New home visiting project aims to give South Yorkshire pre-schoolers best start in life

A new project which aims to prepare disadvantaged preschool children for school is being launched by national charity Family Lives, in partnership with Sheffield Hallam University’s social mobility programme South Yorkshire Futures, and South Yorkshire’s local authorities.

The project will deliver a programme called ParentChild+ to around 160 disadvantaged families in South Yorkshire. ParentChild+ aims to improve the home-learning environment through home visits by trained workers.

Visits occur twice a week for 15 months, with every family receiving at least 92 visits. Home visitors take a free toy or book with them each week. During the sessions, home visitors demonstrate with parents and children how to read, talk and play together. The activities aim to increase parent-child interaction, promote positive behaviour and encourage literacy skills which help to prepare the child for school.

The programme will be delivered by national charity Family Lives in partnership with South Yorkshire Futures – a regional social mobility programme led by Sheffield Hallam University.

The delivery in South Yorkshire is a randomised controlled trial of ParentChild+ to test the effectiveness of the programme in the UK.

It is funded by the Education Endowment Fund, the Department for Education, and Shine Trust, and the trial will be evaluated by a team from the University of York, Durham University and Leeds Beckett University.

The project will work with South Yorkshire’s four local authorities to identify families who are eligible for, but not taking up, the entitlement to free childcare for disadvantaged two-year-olds, including ‘children in need’.

It is supported by South Yorkshire Futures who assisted with the development of the bid and will facilitate partnerships, provide resources and carry out additional research on the impact the programme is having.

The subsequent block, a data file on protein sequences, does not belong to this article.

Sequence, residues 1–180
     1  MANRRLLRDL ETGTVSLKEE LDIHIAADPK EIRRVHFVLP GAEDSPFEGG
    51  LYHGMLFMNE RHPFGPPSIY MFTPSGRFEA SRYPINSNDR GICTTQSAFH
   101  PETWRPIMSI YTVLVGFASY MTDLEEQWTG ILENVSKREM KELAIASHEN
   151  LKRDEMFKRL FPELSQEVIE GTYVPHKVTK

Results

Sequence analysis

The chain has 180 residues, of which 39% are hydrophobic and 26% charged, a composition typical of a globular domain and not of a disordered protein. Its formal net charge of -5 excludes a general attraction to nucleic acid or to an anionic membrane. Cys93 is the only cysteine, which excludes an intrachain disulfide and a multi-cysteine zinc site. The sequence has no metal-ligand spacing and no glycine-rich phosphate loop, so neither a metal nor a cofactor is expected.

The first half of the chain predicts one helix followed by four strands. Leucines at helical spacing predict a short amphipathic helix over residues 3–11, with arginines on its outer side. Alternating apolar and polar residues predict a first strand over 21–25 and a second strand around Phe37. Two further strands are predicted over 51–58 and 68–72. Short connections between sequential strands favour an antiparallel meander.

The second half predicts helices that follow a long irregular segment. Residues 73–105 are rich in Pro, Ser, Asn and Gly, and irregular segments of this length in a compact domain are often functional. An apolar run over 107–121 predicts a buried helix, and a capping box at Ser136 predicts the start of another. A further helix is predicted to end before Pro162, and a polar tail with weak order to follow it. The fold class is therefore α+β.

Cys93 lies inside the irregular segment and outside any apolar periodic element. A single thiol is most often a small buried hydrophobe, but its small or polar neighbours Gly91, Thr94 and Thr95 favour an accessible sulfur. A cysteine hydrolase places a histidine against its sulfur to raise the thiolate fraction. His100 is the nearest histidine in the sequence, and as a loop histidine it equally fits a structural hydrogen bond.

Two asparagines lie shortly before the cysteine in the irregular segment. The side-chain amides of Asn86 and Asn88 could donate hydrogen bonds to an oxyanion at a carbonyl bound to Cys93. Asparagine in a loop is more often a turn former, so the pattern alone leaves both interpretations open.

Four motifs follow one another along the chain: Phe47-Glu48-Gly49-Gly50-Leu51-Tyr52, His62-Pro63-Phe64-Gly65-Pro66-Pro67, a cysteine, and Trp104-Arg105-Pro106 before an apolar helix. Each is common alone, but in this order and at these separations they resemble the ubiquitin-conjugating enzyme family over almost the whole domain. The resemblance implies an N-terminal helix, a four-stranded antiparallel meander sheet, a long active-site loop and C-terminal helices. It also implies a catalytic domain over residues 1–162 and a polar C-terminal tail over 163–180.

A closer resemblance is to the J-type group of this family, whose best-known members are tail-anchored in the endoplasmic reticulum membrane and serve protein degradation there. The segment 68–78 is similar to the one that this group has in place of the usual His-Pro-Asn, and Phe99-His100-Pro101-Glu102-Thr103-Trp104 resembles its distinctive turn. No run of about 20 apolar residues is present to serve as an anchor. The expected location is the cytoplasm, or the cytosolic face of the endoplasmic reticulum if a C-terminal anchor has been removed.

ParentChild+ is aimed at families who are not taking up the offer of free nursery for their two-year-olds, and those where children are at risk of being behind their peers in terms of school readiness. The home visitors will be employed by Family Lives and work with Early Years teams at Sheffield, Doncaster, Rotherham and Barnsley councils.

Research from the US shows intervening at pre-school age is more effective than targeting children when they start school.

The project has been delivered extensively in the US since 1965 and also in Chile, Bermuda, Canada and Ireland. It is currently being piloted in the UK in Ealing, Nottingham and Newcastle.

Sally Pearse, who leads the early years education strand for South Yorkshire Futures at Sheffield Hallam University, said: “I am delighted that this exciting initiative which has had proven success in the US is being trialled in South Yorkshire.

“Children’s experiences in the first few years of their life have a major impact on their development and this project will help tackle the disadvantage experienced by some children in South Yorkshire by trying to address some of the attainment gaps already apparent between children of different backgrounds by the time they start school.”

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